PROVIDENCE, R.I. (AP) —Gay marriage advocates in Rhode Island vowed last week to push for marriage legislation next year following an election that saw supporters gain seats in the state's General Assembly.
When the state legislature convenes in January, there will be several additional supporters of same-sex marriage, according to Ray Sullivan, campaign director for the advocacy group Fight Back RI.
Significantly, many of the new supporters are in the state Senate, which advocates see as the main obstacle to passing a gay marriage law. They include Democrats Adam Satchell of West Warwick, Ryan Pearson of Cumberland and Catherine Cool Rumsey of Exeter— all candidates who were backed by Sullivan's group.
House Speaker Gordon Fox, who is openly gay, plans to call a vote on gay marriage in the House after lawmakers return to the Statehouse in January. The Providence Democrat cited gains in the General Assembly and gay marriage victories around the nation as evidence that the public supports the effort to allow same-sex couples to wed.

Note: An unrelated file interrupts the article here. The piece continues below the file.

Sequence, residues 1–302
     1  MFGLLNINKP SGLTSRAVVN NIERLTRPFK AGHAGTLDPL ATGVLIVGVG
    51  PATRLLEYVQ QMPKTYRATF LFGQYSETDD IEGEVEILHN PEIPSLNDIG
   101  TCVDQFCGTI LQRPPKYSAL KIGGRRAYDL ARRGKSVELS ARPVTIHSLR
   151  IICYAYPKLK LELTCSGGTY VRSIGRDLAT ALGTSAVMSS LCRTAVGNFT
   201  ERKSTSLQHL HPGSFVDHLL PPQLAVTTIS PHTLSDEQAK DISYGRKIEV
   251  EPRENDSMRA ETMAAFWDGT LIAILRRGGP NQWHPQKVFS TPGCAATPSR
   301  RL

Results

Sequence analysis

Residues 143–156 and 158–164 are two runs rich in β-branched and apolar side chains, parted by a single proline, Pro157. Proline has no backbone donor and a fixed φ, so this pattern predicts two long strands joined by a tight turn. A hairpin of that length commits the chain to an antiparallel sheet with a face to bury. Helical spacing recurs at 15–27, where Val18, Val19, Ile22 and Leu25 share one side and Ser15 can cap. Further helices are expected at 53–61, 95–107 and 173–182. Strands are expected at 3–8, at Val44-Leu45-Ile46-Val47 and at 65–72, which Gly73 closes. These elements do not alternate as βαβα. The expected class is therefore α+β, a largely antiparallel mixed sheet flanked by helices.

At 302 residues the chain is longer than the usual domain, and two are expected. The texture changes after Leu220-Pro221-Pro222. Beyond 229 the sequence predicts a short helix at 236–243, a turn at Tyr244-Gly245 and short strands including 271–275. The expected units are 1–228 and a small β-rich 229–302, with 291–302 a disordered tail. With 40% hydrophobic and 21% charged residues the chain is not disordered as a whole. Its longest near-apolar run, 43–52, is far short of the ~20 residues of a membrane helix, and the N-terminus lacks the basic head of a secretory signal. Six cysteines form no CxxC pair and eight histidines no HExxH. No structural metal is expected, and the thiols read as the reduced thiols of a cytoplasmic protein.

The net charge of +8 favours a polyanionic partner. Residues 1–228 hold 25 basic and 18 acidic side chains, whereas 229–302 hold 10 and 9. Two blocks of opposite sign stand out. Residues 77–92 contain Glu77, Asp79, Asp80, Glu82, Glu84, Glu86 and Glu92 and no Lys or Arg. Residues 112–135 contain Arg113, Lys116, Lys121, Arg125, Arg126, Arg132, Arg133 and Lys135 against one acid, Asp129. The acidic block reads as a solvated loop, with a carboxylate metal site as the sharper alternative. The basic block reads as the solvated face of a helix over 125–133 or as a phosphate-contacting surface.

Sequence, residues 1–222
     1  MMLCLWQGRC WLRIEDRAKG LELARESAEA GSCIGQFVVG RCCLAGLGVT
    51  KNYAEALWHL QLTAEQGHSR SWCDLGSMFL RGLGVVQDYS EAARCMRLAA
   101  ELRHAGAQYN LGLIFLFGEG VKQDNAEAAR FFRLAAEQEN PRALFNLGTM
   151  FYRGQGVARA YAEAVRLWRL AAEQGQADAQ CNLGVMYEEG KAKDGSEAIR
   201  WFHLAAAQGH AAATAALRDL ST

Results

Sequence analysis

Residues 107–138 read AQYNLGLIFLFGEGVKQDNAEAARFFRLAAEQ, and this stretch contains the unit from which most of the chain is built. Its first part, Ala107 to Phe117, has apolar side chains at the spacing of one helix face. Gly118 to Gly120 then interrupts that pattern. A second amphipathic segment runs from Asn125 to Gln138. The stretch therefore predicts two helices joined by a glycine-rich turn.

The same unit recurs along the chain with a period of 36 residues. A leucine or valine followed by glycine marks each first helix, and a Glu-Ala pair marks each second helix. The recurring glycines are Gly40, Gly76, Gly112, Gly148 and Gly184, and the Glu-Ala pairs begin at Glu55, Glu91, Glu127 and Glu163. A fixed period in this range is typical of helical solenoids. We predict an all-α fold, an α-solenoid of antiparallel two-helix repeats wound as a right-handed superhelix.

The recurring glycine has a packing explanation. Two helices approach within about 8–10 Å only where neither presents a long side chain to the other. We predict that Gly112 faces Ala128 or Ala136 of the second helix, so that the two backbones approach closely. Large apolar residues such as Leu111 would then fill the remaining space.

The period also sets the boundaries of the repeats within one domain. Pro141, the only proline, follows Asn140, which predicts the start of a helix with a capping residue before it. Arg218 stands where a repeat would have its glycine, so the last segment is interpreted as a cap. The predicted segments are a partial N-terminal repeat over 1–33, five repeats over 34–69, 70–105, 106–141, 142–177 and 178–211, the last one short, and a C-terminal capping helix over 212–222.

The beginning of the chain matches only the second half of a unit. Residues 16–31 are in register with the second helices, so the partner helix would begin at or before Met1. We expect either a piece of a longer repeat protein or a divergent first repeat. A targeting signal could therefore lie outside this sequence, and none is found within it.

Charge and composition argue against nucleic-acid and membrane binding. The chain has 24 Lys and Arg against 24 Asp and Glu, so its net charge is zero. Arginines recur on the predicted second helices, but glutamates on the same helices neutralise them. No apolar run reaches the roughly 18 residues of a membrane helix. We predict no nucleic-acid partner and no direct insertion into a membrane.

“This election shows there's been a real change on this issue,”Fox told The Associated Press. “I'm hopeful. There's definitely a trend here. There's a wave and we should ride it.”
Voters in Maine and Maryland passed gay marriage referendums in last week’s election. In Minnesota, voters rejected a proposed state constitutional amendment that would have prohibited gay marriage.
Rhode Island does not permit gay couples to wed but does recognize same-sex marriages performed in other states, following an executive order by Gov. Lincoln Chafee, a gay marriage supporter. Rhode Island is now the only state in New England that does not allow gay marriage.
Sullivan said Fight Back RI will not support putting a gay marriage question on the ballot but instead will focus on passing legislation to authorize it.
“We are emboldened by the momentum of this election cycle and will steadfastly work to make 2013 the year that Governor Chafee finally signs marriage equality into law,” he said in a statement.
Senate President Teresa Paiva Weed, however, remains a powerful obstacle to passing such a law. An opponent of gay marriage, the Newport Democrat has said it is premature to discuss whether the Senate would vote on the issue next year. She did not respond to requests for comment from the AP.